I am sure that every parent has heard some incredible and amazing thoughts from their children. Cecile's passion is to help all children express themselves using their critical and creative thoughts. Students will sit in a circle, establish rules together, and then pick a subject to talk about, such as "friendship."
Cecile's goal is to help students express themselves in front of a group, to be more confident, patient, responsible, respectful, tolerant and proud of their individuality. Her objective is that all children would be able to give reasons when they express themselves, listen to their friends' opinions, give examples, ask questions, and develop their courage to express their thoughts in a community of research. According to Lipman,"Philosophy for Children can be expected to flourish in a heterogeneous classroom where students speak out of a variety of life styles and experiences, where different beliefs as to what is important are explicit, and where a plurality of thinking styles, rather than being depreciated, is considered inherently worthwhile."
Classes will begin Monday, Oct. 31 for students in grades K-1 and Wednesday, Nov. 2 for students in grades 2-4. All classes run from 3:15 to 5 p.m. Students meet in Room 3 at the elementary school.
If you would like more information about the program go to www.montclair.edu/iapc or call Cecile at 731-9854. She will be happy to answer any questions you might have. If you would like to register for the classes, contact the Archuleta County Education Center at 264-2835 or stop by the office located at 4th and Lewis streets.
UU Sunday program features John Graves
"Terror, Theocracy, and their Theologies" is the title of a program and discussion which John Graves will present for the Pagosah Unitarian Universalist Fellowship Sunday, Oct.16.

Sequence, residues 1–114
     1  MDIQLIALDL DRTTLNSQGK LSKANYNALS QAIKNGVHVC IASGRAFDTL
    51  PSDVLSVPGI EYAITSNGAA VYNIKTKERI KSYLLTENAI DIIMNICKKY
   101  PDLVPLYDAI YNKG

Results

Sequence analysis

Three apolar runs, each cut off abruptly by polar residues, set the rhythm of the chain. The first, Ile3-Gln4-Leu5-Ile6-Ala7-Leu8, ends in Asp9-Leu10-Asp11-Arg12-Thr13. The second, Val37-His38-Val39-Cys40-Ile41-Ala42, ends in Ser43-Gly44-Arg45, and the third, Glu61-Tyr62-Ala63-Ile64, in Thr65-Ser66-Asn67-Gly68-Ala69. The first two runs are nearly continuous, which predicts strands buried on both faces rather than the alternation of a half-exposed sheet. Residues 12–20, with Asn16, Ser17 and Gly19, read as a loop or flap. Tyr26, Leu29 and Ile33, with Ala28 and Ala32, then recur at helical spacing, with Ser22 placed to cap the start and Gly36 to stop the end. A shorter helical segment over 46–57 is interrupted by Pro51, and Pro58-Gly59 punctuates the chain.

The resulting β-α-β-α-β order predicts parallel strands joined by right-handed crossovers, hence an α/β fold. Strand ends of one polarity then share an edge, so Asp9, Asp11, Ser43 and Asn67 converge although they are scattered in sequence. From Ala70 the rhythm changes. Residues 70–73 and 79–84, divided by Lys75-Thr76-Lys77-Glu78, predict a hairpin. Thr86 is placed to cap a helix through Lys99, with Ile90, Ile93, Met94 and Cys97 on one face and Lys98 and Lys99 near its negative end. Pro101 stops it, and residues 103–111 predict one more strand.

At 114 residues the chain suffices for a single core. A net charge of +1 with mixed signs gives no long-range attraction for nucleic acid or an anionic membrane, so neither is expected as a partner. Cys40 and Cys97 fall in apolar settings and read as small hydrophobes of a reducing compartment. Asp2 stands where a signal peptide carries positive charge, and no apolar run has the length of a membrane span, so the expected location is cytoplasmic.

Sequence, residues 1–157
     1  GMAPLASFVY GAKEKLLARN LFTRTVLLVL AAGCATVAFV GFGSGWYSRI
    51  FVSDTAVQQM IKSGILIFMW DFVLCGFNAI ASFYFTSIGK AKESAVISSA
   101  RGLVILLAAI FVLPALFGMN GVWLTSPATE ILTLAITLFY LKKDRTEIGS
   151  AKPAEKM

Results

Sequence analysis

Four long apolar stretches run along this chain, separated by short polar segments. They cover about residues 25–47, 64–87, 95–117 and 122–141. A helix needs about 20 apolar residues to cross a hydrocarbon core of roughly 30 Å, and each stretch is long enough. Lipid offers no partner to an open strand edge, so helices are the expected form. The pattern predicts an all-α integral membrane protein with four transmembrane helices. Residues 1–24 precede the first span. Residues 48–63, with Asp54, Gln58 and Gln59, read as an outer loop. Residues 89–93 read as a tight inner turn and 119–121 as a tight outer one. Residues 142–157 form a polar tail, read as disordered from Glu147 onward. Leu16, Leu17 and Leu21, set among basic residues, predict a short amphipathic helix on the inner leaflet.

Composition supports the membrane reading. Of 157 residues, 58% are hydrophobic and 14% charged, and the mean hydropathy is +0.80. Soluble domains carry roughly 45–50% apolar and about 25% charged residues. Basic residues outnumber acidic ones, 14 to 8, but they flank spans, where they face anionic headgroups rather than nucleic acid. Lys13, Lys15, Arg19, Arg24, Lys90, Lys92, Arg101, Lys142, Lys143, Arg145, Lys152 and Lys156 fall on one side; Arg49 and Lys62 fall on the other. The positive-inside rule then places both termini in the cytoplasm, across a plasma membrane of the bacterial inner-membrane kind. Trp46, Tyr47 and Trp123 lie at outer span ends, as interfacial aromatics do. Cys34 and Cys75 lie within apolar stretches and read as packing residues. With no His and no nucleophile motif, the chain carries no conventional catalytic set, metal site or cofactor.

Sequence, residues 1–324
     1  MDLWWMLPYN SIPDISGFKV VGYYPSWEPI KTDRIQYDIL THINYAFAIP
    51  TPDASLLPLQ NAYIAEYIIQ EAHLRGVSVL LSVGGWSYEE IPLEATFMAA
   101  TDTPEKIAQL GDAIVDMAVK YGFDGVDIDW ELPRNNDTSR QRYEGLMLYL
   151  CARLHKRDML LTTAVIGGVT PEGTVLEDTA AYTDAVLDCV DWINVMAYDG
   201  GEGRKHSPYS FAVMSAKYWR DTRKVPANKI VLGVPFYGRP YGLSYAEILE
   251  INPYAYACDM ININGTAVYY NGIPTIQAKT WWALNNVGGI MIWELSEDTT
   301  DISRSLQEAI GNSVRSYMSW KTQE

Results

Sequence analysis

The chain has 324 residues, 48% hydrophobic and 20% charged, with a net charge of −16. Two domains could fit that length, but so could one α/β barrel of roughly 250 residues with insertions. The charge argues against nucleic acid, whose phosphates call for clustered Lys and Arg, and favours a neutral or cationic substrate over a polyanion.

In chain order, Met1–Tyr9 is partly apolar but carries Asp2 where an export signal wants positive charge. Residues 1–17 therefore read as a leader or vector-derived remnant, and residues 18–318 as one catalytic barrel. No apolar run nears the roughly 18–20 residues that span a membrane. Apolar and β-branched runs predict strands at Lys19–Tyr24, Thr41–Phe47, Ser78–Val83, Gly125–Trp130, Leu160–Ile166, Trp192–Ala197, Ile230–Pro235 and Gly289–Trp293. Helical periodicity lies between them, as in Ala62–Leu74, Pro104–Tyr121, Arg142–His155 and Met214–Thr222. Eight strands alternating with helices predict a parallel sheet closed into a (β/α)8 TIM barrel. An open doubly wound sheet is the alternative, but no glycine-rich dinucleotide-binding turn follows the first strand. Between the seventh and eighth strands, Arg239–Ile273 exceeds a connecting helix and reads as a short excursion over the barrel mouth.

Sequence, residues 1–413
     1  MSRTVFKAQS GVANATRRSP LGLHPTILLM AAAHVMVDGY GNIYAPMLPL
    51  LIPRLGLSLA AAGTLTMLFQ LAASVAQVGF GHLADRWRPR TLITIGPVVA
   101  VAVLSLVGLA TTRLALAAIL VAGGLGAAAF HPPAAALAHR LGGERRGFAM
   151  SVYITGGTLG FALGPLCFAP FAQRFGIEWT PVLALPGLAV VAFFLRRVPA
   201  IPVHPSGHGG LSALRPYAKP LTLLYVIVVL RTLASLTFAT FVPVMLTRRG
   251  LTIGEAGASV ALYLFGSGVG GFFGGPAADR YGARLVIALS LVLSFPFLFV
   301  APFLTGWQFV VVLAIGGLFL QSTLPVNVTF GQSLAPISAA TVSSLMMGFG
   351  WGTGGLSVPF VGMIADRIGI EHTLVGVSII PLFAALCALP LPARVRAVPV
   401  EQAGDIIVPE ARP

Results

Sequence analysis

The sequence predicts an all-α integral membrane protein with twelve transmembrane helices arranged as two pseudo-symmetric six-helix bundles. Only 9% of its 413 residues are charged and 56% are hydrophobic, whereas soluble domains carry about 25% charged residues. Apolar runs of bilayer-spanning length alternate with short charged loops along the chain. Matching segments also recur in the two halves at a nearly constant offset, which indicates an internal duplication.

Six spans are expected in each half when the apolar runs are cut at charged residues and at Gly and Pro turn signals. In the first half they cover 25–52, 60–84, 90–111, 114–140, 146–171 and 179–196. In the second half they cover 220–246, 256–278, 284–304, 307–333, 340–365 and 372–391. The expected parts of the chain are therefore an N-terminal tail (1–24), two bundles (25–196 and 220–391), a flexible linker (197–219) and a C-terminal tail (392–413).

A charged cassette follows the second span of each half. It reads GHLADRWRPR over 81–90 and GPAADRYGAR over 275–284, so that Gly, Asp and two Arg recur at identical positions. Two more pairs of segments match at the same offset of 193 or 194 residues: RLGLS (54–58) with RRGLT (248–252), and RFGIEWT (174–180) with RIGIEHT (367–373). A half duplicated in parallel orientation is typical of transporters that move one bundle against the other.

He points out that scriptures of Christianity, Islam and Judaism all have sections in which God's words direct followers to commit unspeakable acts of violence and cruelty in his name. The talk and discussion will explore why this is so, why it might eventually lead to a theocratic state, how it could affect us in the United States, and what concerned citizens and people of faith can do about it.
A local resident, Graves is professor emeritus of mass communication from Central Missouri State University, a professional musician, and a retired film and television executive and producer. He is currently on the board of directors of the Archuleta County Education Center.
The service and Children's Program begin at 10:30 a.m. There will be no Third Sunday Potluck Luncheon this Sunday, as the annual Stewardship Dinner will be held Thursday evening, Oct. 20.
The Pagosah Unitarian Universalist Fellowship Hall is Unit 15, Greenbriar Plaza. Turn east on Greenbrier Drive off of North Pagosa by the fire station, then left into the parking lot and look for the big sign. All are welcome.
Drink more water, enjoy better health
By Kate Terry
Why should we drink water?
A few years ago I heard a well-known physician say on TV that if women would drink five or six glasses of water (or more) a day, they could eliminate 60 percent of their problems.
Now, I don't know about this, but I do know that, a few years ago, I ended up in the emergency room at Mercy Medical Center because I was dehydrated.
So, when this information about the importance of drinking water crossed my desk, I knew I had to pass it on.
1. Seventy-five percent of Americans are chronically dehydrated.
2. In 37 percent of Americans, the thirst mechanism is so weak that it is often mistaken for hunger.
3. Even mild dehydration will slow down one's metabolism as much as 3 percent.
4. One glass of water will shut down midnight hunger pangs for almost 100 percent of the dieters considered in a University of Washington study.
5. Lack of water is the No. 1 trigger of daytime fatigue.
6. Preliminary research indicates that eight to 10 glasses of water could significantly cure back and joint pain for up to 80 percent of sufferers.
7. A mere 2-percent drop in body water can trigger fuzzy short-term memory.
8. Trouble with basic math and difficulty focusing on the computer screen or on a printed page can be caused by a lack of water.
9. Drinking five glasses of water daily decreases the risk of colon cancer by 45 percent, plus it can slash the risk of breast cancer by 79 percent and one is less likely to develop bladder cancer.